B. Feeling down, depressed, or hopeless.
C. Trouble falling or staying asleep, or sleeping too much.
D. Feeling tired or having little energy.
D. Poor appetite or overeating.
D. Feeling bad about yourself – or that you are a failure or have let yourself or your family down.
E. Trouble concentrating on things, such as reading the newspaper or watching television.
F. Moving or speaking so slowly that other people could have noticed? Or the opposite –being so fidgety or restless that you have been moving around a lot more than usual.
G. Thoughts that you were better off dead or of hurting yourself in some way.

So the scores for your depression would rank something like this
1-4 Minimal Depression
5-9 Mild Depression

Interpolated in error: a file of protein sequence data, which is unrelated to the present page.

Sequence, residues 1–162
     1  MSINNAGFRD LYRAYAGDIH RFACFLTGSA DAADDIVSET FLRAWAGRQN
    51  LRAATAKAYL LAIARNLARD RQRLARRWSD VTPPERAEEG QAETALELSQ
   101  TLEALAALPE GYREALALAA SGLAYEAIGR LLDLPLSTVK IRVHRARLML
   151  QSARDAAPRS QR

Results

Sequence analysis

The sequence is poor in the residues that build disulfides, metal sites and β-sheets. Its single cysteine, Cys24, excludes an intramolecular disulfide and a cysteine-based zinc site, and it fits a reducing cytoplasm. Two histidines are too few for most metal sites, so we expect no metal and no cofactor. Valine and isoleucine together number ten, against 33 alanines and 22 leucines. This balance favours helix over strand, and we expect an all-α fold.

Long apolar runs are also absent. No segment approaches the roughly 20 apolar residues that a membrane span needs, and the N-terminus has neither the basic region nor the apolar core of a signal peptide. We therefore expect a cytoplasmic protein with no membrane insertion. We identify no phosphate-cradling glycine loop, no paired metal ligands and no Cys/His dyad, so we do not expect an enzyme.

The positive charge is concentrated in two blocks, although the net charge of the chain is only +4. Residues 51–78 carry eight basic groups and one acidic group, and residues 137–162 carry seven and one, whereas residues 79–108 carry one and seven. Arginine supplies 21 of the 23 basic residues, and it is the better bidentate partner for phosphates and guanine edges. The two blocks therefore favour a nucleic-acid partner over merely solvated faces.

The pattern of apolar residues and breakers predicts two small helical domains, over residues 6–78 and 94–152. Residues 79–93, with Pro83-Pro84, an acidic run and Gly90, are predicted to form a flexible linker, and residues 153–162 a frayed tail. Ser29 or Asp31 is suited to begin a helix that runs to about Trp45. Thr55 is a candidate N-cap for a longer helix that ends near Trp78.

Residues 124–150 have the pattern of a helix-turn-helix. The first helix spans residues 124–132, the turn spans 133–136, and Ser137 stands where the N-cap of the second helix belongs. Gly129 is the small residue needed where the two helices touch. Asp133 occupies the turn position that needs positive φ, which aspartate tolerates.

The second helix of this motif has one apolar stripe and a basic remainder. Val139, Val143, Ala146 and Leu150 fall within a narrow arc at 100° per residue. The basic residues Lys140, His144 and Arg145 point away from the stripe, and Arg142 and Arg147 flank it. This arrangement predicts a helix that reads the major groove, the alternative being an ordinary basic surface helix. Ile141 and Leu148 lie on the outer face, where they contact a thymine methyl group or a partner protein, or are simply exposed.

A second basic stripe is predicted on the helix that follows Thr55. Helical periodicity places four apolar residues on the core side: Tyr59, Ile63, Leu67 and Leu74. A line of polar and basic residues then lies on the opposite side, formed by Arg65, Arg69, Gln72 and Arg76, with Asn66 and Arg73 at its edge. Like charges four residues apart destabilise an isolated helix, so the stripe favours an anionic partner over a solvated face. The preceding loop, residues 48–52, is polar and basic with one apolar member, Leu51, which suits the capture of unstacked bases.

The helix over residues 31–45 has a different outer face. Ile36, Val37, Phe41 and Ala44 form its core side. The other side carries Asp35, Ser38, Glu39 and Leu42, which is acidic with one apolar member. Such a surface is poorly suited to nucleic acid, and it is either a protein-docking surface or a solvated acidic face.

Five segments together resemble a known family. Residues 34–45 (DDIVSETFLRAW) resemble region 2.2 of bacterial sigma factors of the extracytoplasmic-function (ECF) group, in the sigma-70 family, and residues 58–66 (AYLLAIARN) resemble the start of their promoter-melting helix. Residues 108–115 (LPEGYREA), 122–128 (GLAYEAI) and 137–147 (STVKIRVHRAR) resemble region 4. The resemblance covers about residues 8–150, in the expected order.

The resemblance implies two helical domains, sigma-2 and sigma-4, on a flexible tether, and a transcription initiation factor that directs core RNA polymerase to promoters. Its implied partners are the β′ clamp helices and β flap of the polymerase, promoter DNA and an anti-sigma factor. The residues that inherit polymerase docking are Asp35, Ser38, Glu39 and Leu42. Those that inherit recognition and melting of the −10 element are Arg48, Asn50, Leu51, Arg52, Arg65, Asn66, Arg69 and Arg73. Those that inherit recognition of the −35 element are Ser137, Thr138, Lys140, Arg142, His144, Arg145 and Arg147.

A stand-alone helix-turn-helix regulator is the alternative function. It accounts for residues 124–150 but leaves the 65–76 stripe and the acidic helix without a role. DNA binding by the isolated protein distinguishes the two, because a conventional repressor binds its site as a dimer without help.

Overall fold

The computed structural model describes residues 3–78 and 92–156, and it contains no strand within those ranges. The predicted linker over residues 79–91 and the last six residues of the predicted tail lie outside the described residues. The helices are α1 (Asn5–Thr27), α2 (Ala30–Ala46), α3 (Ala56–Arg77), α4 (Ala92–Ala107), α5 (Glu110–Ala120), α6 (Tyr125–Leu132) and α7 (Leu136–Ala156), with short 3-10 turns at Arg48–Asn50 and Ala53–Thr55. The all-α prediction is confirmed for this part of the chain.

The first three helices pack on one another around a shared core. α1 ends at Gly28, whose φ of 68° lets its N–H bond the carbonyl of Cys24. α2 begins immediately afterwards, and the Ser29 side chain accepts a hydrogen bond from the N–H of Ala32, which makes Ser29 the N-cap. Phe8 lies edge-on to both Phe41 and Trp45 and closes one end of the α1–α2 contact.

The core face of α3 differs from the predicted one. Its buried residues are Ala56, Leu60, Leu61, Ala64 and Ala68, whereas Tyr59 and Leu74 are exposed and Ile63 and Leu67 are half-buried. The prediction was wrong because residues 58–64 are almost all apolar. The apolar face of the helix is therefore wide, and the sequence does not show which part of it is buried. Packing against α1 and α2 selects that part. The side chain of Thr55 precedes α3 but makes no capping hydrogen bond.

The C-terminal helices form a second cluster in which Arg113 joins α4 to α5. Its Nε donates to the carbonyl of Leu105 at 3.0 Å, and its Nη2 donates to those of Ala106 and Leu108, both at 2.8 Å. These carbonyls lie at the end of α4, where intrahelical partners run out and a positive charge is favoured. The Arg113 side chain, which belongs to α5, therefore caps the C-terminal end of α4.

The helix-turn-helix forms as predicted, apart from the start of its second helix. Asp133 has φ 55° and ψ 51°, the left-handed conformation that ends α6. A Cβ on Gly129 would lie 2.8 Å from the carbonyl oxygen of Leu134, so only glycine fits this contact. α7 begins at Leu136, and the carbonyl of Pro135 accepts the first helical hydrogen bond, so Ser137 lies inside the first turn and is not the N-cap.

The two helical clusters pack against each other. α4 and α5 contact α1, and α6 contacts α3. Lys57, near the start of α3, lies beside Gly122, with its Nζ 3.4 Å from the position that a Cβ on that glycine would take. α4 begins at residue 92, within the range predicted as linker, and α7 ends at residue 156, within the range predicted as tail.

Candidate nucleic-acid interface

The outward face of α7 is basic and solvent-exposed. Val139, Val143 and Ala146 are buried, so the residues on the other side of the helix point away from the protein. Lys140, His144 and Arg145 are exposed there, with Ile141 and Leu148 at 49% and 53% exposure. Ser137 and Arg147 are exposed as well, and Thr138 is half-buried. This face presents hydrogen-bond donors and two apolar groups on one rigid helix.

10-14 Moderate Depression
15-19 Moderately Severe Depression
20-27 Severe Depression

Then decide if the problems you have identified have made it difficult for you to work, take care of things at home or get on with people; i) not at all ii) fairly difficult iii) very difficult iv) extremely difficult

This is a rough guide and in no way should replace a proper consultation! But if you are bothered by these symptoms, do not ignore them. Depression, if caught quickly and if it is not complicated by other factors such as childhood trauma, has a high likelihood of responding to modern pharmaceuticals and talking therapy.

Talking Therapies